Recep Tayyip Erdoğan has claimed victory in Sunday’s pivotal run-off election, as initial results put Turkey’s president on course to extend his rule into a third decade.
Erdoğan had secured about 52 per cent of the vote, compared with 48 per cent for rival Kemal Kılıçdaroğlu, according to the state Anadolu News agency, after more than 99 per cent of ballot boxes had been opened.
A victory would cap an extraordinary campaign for Erdoğan, who went into this election cycle at his most vulnerable since he first became Turkey’s leader in 2003, with the country gripped by an acute cost of living crisis and an opposition at its most organised in years.
“Without making any concession in our democracy, development nor goals, we’ve opened the door to the century of Turkey together. From men and women, young and old, workers and retirees, all segments of our nation realised our dreams together,” Erdoğan said in a victory speech in Istanbul on Sunday evening, delivered from atop a bus to raucous applause from supporters standing below.
Sunday’s second-round vote was billed by Erdoğan and Kılıçdaroğlu, who led a six-party alliance, as a referendum on Turkey’s future, exactly 100 years after the republic was founded by Mustafa Kemal Atatürk.
But he presides over an economy that is under increasing strain. The lira hit a record low on Friday, while the country’s dollar bonds were hit hard over the past fortnight and costs to insure against a debt default lurched higher.
Investors and economists say they are particularly worried about a big slide in Turkey’s foreign exchange reserves, which accelerated ahead of the first round of elections on May 14.
The opposition had also warned that another five-year term for Erdoğan, who has towered over Turkey like no other politician since Atatürk, would send the country irreversibly down a path where democracy and human rights were steadily eroded. The longtime leader, who has centralised power in an executive presidency, accused his opponents of aligning with terrorists and the west at Turkey’s expense.
Erdoğan also took a hard line on foreign policy ahead of the vote, pushing back against Sweden’s accession to Nato despite pressure from allies.
Erdoğan emphasised family values, the battle against terrorism and Turkey’s increasing role on the world stage in a series of fiery campaign rallies that helped to galvanise support among conservative, pious voters. He also launched repeated personal attacks against Kılıçdaroğlu, including in his victory speech on Sunday.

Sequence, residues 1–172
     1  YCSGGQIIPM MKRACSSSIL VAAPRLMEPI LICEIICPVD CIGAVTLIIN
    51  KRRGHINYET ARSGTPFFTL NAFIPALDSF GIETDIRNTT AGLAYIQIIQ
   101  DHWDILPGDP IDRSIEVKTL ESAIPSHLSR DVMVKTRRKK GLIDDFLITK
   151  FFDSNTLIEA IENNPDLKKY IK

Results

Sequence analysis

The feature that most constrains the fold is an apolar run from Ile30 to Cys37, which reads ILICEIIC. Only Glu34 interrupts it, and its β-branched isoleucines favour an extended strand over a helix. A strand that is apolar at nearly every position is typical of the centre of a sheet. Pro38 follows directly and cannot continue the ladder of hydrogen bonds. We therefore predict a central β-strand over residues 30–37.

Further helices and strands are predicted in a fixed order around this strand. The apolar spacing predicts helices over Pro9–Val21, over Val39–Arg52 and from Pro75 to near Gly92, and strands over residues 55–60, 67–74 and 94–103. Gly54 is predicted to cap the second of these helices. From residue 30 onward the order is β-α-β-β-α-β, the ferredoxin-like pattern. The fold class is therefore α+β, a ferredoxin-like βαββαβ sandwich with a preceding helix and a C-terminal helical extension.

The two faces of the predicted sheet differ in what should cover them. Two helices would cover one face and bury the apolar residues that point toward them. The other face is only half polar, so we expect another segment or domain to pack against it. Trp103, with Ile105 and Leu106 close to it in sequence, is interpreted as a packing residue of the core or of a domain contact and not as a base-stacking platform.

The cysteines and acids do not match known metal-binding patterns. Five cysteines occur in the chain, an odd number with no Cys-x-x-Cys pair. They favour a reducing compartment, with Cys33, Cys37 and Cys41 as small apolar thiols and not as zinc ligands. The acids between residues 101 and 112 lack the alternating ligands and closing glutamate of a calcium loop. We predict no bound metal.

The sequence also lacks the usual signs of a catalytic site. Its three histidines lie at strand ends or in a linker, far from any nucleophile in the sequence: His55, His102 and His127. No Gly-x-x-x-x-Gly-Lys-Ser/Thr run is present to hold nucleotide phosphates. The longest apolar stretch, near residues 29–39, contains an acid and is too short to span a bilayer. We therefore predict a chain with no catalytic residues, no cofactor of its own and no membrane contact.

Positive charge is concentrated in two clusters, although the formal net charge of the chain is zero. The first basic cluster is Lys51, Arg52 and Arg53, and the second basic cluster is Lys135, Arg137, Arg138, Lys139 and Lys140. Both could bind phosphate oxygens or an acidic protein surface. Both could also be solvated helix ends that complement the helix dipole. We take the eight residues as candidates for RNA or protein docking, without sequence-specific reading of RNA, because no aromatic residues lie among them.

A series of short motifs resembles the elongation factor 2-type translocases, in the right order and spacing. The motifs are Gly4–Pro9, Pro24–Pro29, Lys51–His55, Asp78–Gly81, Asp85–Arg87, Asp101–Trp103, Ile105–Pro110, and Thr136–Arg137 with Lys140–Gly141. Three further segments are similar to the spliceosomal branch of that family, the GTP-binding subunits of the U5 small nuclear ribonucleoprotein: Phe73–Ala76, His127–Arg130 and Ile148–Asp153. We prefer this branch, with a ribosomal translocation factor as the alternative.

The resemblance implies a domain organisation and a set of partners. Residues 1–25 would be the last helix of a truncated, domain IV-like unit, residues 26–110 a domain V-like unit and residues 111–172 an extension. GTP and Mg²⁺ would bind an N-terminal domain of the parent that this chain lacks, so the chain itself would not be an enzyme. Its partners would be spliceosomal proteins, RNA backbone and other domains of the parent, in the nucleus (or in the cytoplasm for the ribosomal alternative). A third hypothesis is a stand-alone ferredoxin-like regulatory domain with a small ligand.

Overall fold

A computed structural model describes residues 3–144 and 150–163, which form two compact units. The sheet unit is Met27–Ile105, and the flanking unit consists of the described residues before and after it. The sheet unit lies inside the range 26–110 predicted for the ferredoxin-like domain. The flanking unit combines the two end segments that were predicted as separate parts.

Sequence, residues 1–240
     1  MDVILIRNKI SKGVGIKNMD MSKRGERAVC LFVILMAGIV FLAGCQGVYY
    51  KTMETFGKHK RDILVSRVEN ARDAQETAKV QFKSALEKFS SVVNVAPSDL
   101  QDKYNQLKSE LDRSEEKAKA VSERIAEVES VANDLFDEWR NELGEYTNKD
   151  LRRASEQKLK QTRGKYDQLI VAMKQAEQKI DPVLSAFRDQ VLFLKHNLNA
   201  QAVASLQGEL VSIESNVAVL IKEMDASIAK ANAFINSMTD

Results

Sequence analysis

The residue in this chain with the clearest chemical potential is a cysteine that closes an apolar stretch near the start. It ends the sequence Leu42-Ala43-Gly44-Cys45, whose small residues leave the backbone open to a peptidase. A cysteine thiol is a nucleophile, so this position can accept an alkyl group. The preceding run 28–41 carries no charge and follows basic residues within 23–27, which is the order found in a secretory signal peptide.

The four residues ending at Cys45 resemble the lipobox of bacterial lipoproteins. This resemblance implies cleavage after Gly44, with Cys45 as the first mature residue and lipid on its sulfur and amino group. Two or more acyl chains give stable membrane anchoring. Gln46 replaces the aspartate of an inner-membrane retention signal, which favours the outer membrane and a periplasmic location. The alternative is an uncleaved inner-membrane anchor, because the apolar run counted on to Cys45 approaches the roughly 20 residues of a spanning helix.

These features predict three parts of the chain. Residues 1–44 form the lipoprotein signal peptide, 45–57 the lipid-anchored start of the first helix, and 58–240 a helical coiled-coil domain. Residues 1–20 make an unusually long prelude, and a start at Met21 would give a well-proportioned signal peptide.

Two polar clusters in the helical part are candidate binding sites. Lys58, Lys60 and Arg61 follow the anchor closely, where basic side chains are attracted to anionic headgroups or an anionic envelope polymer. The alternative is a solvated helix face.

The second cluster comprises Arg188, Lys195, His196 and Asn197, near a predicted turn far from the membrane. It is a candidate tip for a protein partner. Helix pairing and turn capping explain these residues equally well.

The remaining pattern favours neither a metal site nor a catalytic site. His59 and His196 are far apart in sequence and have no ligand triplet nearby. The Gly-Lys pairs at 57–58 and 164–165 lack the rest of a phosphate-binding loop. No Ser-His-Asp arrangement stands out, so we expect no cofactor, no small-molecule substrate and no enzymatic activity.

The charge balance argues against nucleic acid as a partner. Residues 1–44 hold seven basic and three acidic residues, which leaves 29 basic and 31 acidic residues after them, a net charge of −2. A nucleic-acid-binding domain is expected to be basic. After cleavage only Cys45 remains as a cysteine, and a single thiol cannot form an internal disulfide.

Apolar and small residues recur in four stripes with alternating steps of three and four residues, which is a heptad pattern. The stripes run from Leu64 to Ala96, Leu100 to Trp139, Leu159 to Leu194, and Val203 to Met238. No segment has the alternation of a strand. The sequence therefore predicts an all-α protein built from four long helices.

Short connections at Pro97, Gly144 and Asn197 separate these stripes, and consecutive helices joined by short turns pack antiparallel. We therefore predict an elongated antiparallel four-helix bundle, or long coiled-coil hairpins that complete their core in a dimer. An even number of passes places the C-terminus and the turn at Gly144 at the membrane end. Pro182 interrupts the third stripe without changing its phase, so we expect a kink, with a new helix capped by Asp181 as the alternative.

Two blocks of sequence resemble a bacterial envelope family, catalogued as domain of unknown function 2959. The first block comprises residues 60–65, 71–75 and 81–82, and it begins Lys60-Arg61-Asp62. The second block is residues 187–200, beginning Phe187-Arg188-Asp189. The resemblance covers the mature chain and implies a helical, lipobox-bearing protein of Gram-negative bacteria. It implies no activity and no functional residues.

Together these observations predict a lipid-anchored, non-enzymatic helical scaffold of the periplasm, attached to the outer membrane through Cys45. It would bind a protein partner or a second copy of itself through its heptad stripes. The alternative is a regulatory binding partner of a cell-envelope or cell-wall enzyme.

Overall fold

Backing from Erdoğan’s base in Turkey’s Anatolian heartland helped the president exceed expectations in the first round, in which he defied polls to edge Kılıçdaroğlu into second place, although neither candidate gained the more than 50 per cent of the voted needed to win outright.
Going into that vote, Turkey’s opposition was brimming with confidence that scorching inflation and the government’s stuttering response to the devastating earthquake in February could carry them to victory.
Erdoğan’s president’s bloc, a coalition that includes his Islamist-rooted Justice and Development party and the Nationalist Movement party also held on to its majority in parliament in a legislative vote on May 14.
Kılıçdaroğlu, 74, had vowed to revive the economy by reversing many of Erdoğan’s policies, while also bringing Turkey back to a parliamentary democracy from the executive presidency system that was put in place after a referendum in 2017.
After the disappointing first-round performance, Kılıçdaroğlu switched from a campaign that promised “spring will come”, to harsher nationalist, anti-immigration rhetoric. He was dealt a further blow when Sinan Oğan, the nationalist powerbroker who finished third in the first round, threw his support behind Erdoğan.
International election observers said the first-round vote was broadly free, but they noted that the campaigns had been far from fair. Erdoğan leaned heavily on state resources, providing giveaways such as free gas and 10GB of internet for students. He also boosted pay for public sector workers and increased the minimum wage.
The country’s media, which is largely affiliated with the government, has provided wall-to-wall coverage of Erdoğan events, including the opening of a Black Sea gas facility and the inauguration of a warship.